For this article, I picked a pretty straightforward project. The system to be upgraded had an Intel Core 2 Duo E8400 CPU running on an Intel DX48BT2 motherboard, which uses an Intel X48 chipset. Though it was already a fairly fast system, it served my purposes, as it consisted of a last-generation CPU running on top of an older chipset.
I replaced the DX48BT2 with an Intel DX58SO motherboard, plus a Core i7 930 processor (2.8GHz) and 6GB of DDR3 memory from OCZ.
The original system had a few games, Microsoft Office, and Windows 7 Professional 64-bit edition. Office, of course, required activation, as did Windows itself.
To swap in the new gear, find a good work space that's flat, dry, and free of static electricity. If you live in a cold, dry area, running a humidifier in the background may be worthwhile. If possible, ground yourself with an antistatic strap; if you don't have one, be sure to touch bare metal to ensure that you've discharged static electricity before proceeding.
First, remove the old motherboard. You need to be careful when removing the CPU cooler and, in particular, the tiny connectors that run to the status LEDs, as well as the power and reset buttons. In fact, make sure to disconnect all wiring and cables before you start pulling out mounting screws. You'll probably want to remove the old memory and CPU, as well, storing them in appropriate, static-free containers. (Note: Tupperware and similar containers are not a good idea.)
You'll need a number 2 Phillips screwdriver, and possibly some fine needlenose pliers. Once you've disconnected all the wiring, take out the mounting screws and set them aside, and then wiggle the motherboard out carefully. Store the board in an antistatic envelope. Be sure to remove the ATX I/O plate, too.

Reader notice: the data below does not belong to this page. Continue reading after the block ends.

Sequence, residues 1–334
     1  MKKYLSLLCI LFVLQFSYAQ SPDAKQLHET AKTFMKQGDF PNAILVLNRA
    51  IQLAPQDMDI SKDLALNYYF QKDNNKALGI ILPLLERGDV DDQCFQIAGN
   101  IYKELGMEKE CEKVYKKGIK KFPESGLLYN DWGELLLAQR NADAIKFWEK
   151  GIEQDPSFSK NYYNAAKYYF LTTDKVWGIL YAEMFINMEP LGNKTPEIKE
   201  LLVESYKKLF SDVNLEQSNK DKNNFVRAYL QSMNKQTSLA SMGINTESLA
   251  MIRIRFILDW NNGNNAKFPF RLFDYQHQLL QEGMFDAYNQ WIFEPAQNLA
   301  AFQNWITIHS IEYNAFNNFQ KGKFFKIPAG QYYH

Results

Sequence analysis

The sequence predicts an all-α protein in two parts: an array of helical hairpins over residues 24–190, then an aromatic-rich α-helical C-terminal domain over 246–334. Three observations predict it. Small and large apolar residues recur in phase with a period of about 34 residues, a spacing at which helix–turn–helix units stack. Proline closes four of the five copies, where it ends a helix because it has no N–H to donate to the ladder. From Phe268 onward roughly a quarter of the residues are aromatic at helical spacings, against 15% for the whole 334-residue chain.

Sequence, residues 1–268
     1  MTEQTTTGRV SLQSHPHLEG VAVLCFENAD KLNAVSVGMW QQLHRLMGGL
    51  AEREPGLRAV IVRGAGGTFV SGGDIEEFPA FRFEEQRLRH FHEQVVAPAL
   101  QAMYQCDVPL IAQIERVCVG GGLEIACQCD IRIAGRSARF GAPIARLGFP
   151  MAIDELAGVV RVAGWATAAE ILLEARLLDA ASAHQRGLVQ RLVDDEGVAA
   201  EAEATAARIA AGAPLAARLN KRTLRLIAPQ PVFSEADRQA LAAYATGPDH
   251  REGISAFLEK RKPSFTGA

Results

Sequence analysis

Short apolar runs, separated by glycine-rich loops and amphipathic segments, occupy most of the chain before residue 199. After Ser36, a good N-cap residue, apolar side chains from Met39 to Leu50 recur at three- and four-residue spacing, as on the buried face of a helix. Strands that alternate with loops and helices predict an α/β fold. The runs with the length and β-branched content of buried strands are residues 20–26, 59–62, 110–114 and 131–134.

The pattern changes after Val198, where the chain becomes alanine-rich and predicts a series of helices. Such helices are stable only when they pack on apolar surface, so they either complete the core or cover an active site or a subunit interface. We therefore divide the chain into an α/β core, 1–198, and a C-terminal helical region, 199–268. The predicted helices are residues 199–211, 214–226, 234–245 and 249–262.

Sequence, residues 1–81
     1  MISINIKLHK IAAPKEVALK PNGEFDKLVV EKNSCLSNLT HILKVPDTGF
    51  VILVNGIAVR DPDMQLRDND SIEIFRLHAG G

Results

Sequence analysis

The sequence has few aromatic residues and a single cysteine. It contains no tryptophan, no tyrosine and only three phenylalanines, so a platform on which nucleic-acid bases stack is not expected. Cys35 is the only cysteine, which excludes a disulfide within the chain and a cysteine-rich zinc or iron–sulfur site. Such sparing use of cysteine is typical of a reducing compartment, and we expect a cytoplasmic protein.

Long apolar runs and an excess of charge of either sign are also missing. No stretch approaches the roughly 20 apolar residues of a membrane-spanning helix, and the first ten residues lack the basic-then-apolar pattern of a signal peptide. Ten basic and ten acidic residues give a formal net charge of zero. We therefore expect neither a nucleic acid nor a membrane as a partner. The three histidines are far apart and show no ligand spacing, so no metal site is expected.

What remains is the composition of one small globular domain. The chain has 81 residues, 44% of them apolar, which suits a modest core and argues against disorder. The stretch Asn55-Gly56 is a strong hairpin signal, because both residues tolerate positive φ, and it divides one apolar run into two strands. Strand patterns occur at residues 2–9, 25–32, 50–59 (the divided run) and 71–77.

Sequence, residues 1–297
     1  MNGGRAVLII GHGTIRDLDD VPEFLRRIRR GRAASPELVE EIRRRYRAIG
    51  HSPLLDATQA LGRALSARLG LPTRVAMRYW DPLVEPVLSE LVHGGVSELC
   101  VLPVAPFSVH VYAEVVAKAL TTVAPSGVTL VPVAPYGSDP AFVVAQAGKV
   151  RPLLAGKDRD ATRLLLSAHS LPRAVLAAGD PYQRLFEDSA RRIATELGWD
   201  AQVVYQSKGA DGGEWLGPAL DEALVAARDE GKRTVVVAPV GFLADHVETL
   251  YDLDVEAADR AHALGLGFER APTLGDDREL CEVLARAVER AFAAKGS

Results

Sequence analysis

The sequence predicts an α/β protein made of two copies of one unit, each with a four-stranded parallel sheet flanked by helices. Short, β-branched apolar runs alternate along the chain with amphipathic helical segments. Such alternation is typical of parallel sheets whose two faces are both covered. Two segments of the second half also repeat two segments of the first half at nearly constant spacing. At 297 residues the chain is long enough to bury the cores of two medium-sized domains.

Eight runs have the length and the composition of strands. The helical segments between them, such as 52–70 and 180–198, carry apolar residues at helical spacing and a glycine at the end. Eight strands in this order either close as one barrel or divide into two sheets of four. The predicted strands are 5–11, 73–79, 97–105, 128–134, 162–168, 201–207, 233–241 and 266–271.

Before you drop in the new motherboard, check the standoffs that accept the mounting screws. Make sure they're installed--some may have come out when you removed the original board. Also confirm that they're properly aligned vertically.
Unpack the new motherboard, making sure to remove the CPU socket protector before proceeding with CPU installation.
Don't forget to install the ATX I/O back plate, or you'll find yourself removing the motherboard to install it.
Now it's time to prep the new motherboard. Just to make life interesting, on my system I decided to use a high-end CPU cooler, the Thermalright Ultra120. That requires the installation of a mounting plate on the backside of the motherboard.
If you're using a stock Intel cooler, you can skip this step; the Intel cooler uses expansion pushpins to lock down the cooler, so no mounting plate is necessary. Just be certain that the pushpins line up properly before you press down.
The Thermalright mounting plate fits snugly; but don't push too hard, as the motherboard itself has a mounting plate for the LGA1366 socket.
Flip the board over, making sure the cooler mounting plate doesn't fall off. Now gently insert the CPU into the socket, confirming that the notches on the side of the CPU circuit board align with the tabs on the socket.
Attach the heat-sink mounting brackets, screwing down gently--don't screw the brackets too tightly. Then spread a thin layer of thermal paste on the surface of the CPU heat spreader to ensure robust thermal contact with the heat sink.
Prior to installing the cooler, install the DDR3 memory modules into the appropriate sockets. I chose my specific set of DDR3 modules partly because they're relatively low profile, and don't have extra-tall heat sinks of their own; otherwise, the Thermalright heat sink wouldn't have fit.
The Ultra120 heat sink attaches with two spring-loaded screws. Make sure the center pin on the screw mound nests into the dimple on the upper side of the heat sink.
This image doesn't show the 120mm cooling fan that attaches to the heat sink; that part just slides on with a simple plastic clip.
Making the Connections
After you've installed the motherboard, CPU, memory, and cooler, it's time to attach all of the connectors. Your motherboard documentation will show you the layout for these, so consult that before proceeding. Here are the basics you'll need to connect.
- Primary power
- ATX12V secondary CPU power connector (four-pin or eight-pin; if you have a choice, go with eight-pin)
- Power and reset switches, plus hard-drive and power-activity LEDs
- Fan connectors, including the CPU cooling fan
- USB and front-panel audio (your system may also have a front-panel FireWire connector; my Coolermaster Sileo 500 case lacked that amenity)
- SATA connectors on the motherboard (make sure to do this before you install the graphics board)
- Storage connectors to the hard drives and optical drives
Finally, install the PCI Express graphics card and make sure to attach the PCIe power connectors to the card.
Okay, now it's time to boot the system, right? Well, not quite.